JOAN DIDION: THE CENTER WILL NOT HOLD — NYFF 55
Griffin Dunne’s elegant documentary about his aunt, celebrated author Joan Didion, presents an intimate portrait of the tragic literary figure but doesn’t always satisfactorily communicate the emotional, thematic, and political takeaways of her writings.
We get that Didion saw through the Central Park Jogger case for the gigantic lie that it was right from the start. Footage of ever tone-deaf political figures Donald Trump and Ed Koch show the idiot side of a coin that should never be turned over from the intellectual rigor that Didion represents for humanity.
Didion foresaw Dick Cheney and the Bush brigade for the war criminals they would become via a doublespeak of “professional insiders attuned to a pitch beyond the range of normal hearing.” However, the film glosses over Didion’s coverage of the war in El Salvador — revealed in her book-length essay. Yes, El Salvador was the most dangerous place Joan Didion ever hoped to be, but we don’t get the gist of her essay or the opportunity to digest her editorial voice from the horrors she witnessed while there.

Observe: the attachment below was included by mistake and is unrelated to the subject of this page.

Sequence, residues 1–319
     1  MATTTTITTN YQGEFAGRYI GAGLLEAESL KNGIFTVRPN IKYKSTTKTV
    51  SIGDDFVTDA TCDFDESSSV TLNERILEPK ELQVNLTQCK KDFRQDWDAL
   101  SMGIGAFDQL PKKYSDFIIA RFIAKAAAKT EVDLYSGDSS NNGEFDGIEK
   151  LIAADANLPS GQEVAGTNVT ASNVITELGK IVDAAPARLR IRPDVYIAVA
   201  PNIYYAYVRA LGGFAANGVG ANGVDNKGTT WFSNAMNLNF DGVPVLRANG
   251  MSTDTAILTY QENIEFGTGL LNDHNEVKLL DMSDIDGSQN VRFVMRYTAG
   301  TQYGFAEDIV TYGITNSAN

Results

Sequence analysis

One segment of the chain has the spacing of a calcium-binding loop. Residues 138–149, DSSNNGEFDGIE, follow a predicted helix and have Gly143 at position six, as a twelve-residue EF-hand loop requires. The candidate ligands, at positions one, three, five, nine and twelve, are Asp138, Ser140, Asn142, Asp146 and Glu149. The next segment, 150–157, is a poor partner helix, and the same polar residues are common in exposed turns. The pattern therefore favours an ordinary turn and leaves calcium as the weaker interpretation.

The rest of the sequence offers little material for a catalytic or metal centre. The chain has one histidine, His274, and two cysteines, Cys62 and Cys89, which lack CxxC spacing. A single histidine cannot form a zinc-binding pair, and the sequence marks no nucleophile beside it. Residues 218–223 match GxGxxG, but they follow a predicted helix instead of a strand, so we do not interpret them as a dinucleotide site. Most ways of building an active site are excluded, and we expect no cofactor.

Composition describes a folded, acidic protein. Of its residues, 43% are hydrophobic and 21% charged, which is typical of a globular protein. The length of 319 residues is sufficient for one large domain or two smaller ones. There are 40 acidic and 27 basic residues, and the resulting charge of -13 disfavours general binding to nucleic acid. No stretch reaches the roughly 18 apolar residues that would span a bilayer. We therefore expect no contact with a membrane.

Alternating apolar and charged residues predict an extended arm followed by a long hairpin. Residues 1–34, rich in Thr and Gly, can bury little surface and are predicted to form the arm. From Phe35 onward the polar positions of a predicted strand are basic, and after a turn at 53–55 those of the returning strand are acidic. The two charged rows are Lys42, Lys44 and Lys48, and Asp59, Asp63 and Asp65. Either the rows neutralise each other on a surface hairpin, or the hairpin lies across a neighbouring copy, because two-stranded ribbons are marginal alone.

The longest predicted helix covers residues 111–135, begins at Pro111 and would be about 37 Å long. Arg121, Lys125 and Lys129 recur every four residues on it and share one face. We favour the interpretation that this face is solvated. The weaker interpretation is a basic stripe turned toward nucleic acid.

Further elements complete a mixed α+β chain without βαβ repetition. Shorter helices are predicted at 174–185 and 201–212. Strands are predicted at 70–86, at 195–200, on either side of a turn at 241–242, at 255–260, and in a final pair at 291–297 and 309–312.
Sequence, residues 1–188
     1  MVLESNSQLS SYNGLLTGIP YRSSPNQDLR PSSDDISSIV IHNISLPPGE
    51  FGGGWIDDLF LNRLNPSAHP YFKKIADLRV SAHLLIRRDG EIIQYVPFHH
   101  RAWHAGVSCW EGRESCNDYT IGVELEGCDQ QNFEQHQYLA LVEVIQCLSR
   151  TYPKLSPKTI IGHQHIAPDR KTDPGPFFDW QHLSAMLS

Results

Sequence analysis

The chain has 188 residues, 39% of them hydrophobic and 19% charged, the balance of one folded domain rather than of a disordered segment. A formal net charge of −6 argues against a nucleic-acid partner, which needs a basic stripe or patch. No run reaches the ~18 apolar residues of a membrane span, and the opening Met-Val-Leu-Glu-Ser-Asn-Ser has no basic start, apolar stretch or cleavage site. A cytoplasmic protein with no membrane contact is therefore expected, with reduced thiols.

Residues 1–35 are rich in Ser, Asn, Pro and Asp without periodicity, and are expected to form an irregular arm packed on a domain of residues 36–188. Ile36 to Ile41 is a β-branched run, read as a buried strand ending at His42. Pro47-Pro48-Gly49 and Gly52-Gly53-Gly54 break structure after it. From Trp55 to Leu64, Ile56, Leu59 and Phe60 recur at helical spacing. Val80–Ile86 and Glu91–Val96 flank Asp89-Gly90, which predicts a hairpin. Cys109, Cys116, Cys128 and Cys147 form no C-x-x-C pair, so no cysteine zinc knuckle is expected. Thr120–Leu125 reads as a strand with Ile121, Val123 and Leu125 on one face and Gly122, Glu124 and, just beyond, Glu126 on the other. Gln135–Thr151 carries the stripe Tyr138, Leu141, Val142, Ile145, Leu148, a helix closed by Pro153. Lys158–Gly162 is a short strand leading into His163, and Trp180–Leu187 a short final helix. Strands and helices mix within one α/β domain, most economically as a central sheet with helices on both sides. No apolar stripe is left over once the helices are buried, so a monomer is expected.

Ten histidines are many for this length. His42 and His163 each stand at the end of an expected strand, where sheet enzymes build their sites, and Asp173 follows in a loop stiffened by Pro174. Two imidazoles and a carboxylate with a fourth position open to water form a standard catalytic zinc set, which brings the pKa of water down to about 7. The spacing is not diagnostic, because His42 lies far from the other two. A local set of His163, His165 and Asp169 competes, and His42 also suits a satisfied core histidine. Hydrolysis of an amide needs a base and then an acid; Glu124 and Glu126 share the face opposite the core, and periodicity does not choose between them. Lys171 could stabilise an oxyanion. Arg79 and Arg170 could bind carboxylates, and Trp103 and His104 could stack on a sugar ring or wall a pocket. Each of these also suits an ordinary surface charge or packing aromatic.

The documentary isn’t as polished as it could be. A lack of chyrons makes identifying interview subjects, such as New Yorker staff writer Hilton Als, difficult. What the viewer does get is a sense of Joan Didion, the person, as a fearless and fierce force-of-nature who could walk into a room occupied by hippies in San Francisco where a five-year-old girl was tripping on acid, and amorally view the incident as “pure gold” from a writer’s perspective.
At 82, the waifish Joan Didion expresses herself with dramatic hand gestures that emphasize her thoughts and ideas with indelible articulation. Her poise is flawless. She’s Jackie O, Anna Wintour, and Susan Sontag rolled into one. When President Obama expresses surprise over the fact that Joan Didion had not previously received the National Medal of Arts and National Humanities Medal during the 2013 ceremony, it puts a fine point on how Joan Didion should have received the award before she was so frail. The center has not held, but Joan Didion is still with us as of this writing. Cheers to that.
Not rated. 94 mins. (B-) (Three stars — out of five / no halves)